North Carolina SAFE Child Act
SB 199 Strengthens the Rights of Child Sex Abuse Survivors
In 2019, the North Carolina General Assembly passed SB 199, or the
SAFE Child Act, to revamp the Old North State’s protections for survivors of childhood
sexual abuse. It extended the statute of limitations, granted previously
barred survivors the chance to file a claim during a “lookback window,”
and implemented other protections for survivors. It is, therefore, the
single most important piece of victims’ rights legislation to be
passed in North Carolina in the
past 50 years.
At Lanier Law Group, our North Carolina SAFE Child Act lawyers are advocating
for child sex abuse survivors under this historic act. We are staunch
proponents of SB 199, participating in efforts to protect it from opponents.
Our lawyers even argued to defend its constitutionality at a
special hearing before a three-judge panel.
Are you interested in filing a claim under the SAFE Child Act? Call Lanier
Law Group at (855) 757-4204 to discuss your rights and options.
About the SAFE Child Act
A New Statute of Limitations for Child Sex Abuse Claims
As mentioned, the SAFE Child Act extended the statute of limitations on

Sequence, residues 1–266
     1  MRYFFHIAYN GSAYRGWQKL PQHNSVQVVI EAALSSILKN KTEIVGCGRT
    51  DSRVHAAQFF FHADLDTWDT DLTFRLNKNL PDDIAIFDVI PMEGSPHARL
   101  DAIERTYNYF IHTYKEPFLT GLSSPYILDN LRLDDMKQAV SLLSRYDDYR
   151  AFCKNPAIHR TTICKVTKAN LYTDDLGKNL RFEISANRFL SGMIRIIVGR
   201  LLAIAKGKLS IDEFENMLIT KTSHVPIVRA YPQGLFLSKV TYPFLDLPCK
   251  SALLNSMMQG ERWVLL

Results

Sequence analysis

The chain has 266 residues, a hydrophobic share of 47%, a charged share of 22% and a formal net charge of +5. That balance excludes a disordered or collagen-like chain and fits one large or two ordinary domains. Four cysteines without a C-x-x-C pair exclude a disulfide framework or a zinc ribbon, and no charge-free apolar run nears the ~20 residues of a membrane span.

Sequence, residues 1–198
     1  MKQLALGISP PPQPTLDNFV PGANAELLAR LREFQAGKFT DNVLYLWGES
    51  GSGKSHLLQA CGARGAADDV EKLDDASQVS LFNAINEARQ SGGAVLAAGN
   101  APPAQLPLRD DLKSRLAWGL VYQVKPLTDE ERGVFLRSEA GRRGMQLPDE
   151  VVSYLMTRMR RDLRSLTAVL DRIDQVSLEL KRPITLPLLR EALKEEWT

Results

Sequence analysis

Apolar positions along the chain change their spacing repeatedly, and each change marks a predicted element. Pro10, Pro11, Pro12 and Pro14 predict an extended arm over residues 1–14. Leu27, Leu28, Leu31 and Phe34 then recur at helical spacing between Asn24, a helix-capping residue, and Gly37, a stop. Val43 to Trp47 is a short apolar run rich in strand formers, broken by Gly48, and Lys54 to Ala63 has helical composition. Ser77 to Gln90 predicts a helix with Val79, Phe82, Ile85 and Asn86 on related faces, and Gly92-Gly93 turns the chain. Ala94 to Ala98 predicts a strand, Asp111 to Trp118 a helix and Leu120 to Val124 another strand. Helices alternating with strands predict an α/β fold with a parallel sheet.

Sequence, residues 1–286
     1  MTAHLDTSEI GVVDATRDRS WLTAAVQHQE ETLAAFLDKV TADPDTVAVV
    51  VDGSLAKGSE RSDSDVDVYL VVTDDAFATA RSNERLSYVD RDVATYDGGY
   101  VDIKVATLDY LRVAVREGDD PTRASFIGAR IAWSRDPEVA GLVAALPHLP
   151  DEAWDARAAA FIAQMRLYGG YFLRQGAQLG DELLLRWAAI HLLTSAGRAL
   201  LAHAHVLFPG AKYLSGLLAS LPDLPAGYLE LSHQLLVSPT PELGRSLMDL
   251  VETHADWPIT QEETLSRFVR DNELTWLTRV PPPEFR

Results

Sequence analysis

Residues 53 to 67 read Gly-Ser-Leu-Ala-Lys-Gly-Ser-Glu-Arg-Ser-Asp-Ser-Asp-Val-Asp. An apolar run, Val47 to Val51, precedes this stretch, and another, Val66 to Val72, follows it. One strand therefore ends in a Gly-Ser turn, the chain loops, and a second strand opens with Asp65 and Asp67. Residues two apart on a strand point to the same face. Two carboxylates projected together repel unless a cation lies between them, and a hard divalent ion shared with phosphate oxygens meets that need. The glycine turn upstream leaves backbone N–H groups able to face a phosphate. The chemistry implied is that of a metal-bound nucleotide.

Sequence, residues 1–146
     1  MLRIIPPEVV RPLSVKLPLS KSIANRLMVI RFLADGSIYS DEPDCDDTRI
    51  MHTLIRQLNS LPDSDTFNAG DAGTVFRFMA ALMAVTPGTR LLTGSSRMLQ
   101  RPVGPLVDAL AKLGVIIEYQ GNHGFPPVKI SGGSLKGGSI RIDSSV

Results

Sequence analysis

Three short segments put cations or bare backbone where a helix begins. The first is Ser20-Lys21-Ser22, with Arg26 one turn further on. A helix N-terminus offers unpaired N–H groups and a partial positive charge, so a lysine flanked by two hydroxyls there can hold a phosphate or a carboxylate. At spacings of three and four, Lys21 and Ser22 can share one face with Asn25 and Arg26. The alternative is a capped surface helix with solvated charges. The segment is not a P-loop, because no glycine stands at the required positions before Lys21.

child sex abuse claims. Anyone who was victimized by abuse as a child
now has until the age of 28 to file a lawsuit against the abuser and any
institution or individual who enabled them. The previous statute of limitations
expired on the survivor’s 21st birthday.
The Lookback Window Closes December 31, 2021
In recognition of how the previous statute of limitations was grossly inadequate,
the SAFE Child Act opened a “lookback window” during which
survivors who were previously barred from filing a claim were given another
chance to do so.
The lookback window under the SAFE Child Act opened January 1, 2020 and
will close December 31, 2021.
New Requirements for Mandatory Reporting and Training
The SAFE Child Act also included provisions on mandatory reporting. All
adults, regardless of their relation to a child or lack thereof, are legally
required to report any suspicions of child sex abuse to law enforcement.
That means teachers, camp counselors, church officials, and any individual
in North Carolina who has reason to believe child sex abuse has been committed
must report their suspicions to law enforcement, immediately.
The act further requires all school employees to be trained on their responsibilities
as mandatory reporters. They must also be trained on how to recognize
any warning signs of child sex abuse and/or trafficking, as well as how
to properly intervene when they notice them.
North Carolina SAFE Child Act Attorneys
Lanier Law Group has already filed
child sex abuse claims under the SAFE Child Act. Our attorneys have fought for the rights of
survivors for over 20 years, providing North Carolina residents with compassionate
counsel, effective advocacy, and unmatched client service. If you work
with us, we will put our all into securing you justice, compensation,
Contact Lanier Law Group onlineto speak with a North Carolina SAFE Child Act attorney in a free, confidential